Last week I spoke on a panel about subscription commerce at the [email protected] conference. First Round has eCommerce in our blood and we are always looking for innovation in the space. Online subscriptions are an emerging trend and we have some great companies in our portfolio who are innovating around subscription commerce.
These businesses are much more than putting things in a box once a month. On the panel we talked about paid and organic customer acquisition, the complex operational requirements of the business and the value of original content as an engagement mechanism.
The most interesting piece of the conversation for me was around the question “how do subscription commerce companies create value and are there industries or subscription models that are more or less attractive for entrepreneurs and investors?”
Across all the “Birchbox of X” companies I have seen in the past 12 months, I think there are two things required to create maximum value in the subscription commerce space:
- Opt-out economics
- Brand voice
Value Driver #1: Opt-Out Economics
One of the great things about the subscription model is consumer commitment. When they subscribe, the consumer makes the purchase decision one time, but they buy every month. The best services completely separate the pain of the purchase from the reward of the product. The consumer gets a ton of distance from the pain of paying and may even think of the service as a gift. Big eCommerce businesses can be built by making compelling offers to your membership on a regular basis, but if the decision not to make a purchase in a given month is not equivalent to canceling your membership, then you are a building push commerce and might be closer to a flash sale site than a subscription business.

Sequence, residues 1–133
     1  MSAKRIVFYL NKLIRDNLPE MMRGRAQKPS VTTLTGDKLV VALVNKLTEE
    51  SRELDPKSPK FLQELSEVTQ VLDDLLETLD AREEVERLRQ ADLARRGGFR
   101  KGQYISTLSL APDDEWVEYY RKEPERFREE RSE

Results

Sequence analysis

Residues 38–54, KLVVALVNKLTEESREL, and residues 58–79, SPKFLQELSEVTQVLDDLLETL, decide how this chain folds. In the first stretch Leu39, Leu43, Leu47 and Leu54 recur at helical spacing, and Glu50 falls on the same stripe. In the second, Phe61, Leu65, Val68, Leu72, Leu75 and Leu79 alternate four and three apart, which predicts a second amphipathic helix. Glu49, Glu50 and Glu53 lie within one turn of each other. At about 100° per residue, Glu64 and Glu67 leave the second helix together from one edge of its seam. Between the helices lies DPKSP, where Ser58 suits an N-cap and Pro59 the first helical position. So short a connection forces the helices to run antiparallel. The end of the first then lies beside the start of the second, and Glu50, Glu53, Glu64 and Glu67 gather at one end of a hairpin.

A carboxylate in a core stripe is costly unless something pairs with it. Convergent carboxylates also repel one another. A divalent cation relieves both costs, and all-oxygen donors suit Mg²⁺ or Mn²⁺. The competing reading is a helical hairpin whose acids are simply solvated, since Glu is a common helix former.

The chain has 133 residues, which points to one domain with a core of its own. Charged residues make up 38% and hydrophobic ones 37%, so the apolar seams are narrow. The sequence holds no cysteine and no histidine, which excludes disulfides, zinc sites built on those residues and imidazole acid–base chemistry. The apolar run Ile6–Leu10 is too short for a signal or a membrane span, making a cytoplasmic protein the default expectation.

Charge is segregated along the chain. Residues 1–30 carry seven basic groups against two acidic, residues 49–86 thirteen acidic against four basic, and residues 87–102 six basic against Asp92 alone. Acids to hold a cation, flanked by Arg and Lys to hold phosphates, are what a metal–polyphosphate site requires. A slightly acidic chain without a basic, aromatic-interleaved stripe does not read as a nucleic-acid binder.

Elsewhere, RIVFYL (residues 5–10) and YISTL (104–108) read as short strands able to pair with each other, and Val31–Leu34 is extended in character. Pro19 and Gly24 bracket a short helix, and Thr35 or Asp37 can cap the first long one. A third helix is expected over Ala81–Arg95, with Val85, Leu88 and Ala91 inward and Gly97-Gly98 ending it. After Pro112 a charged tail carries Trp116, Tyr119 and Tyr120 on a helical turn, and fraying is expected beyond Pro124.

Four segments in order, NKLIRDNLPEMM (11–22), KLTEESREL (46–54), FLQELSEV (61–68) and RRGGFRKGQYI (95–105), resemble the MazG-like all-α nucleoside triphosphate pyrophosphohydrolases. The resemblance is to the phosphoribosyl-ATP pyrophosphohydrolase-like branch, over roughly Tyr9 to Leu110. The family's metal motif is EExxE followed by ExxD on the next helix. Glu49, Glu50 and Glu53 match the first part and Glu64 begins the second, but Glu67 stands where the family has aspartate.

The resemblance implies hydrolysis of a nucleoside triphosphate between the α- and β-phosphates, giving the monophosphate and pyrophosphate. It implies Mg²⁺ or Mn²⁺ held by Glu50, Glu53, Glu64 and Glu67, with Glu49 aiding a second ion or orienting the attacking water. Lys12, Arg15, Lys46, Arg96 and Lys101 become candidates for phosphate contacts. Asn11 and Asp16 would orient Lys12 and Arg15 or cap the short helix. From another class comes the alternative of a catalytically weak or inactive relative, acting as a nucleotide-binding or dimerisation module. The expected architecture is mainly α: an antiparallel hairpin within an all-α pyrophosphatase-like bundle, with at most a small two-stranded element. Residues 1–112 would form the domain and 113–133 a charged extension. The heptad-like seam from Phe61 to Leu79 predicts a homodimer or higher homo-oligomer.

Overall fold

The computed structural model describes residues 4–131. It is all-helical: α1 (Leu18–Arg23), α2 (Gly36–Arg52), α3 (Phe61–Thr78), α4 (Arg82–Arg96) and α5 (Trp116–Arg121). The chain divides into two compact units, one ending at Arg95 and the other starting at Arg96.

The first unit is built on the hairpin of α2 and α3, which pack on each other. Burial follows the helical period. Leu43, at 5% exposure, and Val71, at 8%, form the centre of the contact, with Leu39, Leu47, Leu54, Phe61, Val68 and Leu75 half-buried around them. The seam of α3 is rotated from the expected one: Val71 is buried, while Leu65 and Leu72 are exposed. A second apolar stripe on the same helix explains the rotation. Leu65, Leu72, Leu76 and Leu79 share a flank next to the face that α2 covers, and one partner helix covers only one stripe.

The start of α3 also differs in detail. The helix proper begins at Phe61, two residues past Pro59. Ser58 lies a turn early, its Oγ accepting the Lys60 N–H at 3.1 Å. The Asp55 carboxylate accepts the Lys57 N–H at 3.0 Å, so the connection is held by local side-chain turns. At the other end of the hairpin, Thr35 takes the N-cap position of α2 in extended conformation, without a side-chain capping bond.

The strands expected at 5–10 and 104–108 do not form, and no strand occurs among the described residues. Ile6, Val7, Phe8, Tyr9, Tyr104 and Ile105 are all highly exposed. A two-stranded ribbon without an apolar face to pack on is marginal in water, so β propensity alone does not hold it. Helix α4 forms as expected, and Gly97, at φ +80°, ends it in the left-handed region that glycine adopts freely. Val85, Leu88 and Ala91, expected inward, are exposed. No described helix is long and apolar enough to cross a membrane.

Value Driver #2: Brand Voice
Subscription commerce is most valuable when it fundamentally changes a consumer’s consideration and buying process. These companies need a powerful brand voice because the conversation with the consumer is on-going. It is this voice that builds an unfair advantage when it comes to curation and personalization in a cluttered market. It is this voice that helps the consumer discover what they want, shows them why they need it and delivers the surprise and delight to generate loyalty, motivate engagement and drive incremental purchases.
Because of these two must have value drivers, subscription businesses work best in categories of consumer goods that are overwhelmed with choice from infinite brands; categories where the consumer understands quality in a qualitative rather than quantitative way and where experimentation with a new product is both low risk and delivers immediate results.
When you have all these things working for you, you have built a service that moves people. You have the chance to change the way people shop.
The conversation covered a ton more than this and I really enjoyed it. Thanks to the other guys up there with me, including moderator, Anand Sanwal from CB Insights, Greg Alvo from OrderGoove, Rob Lafave from our portfolio company Foodzie, Matthew Smith from Shutterstock and Todd Smith from Stunner of the month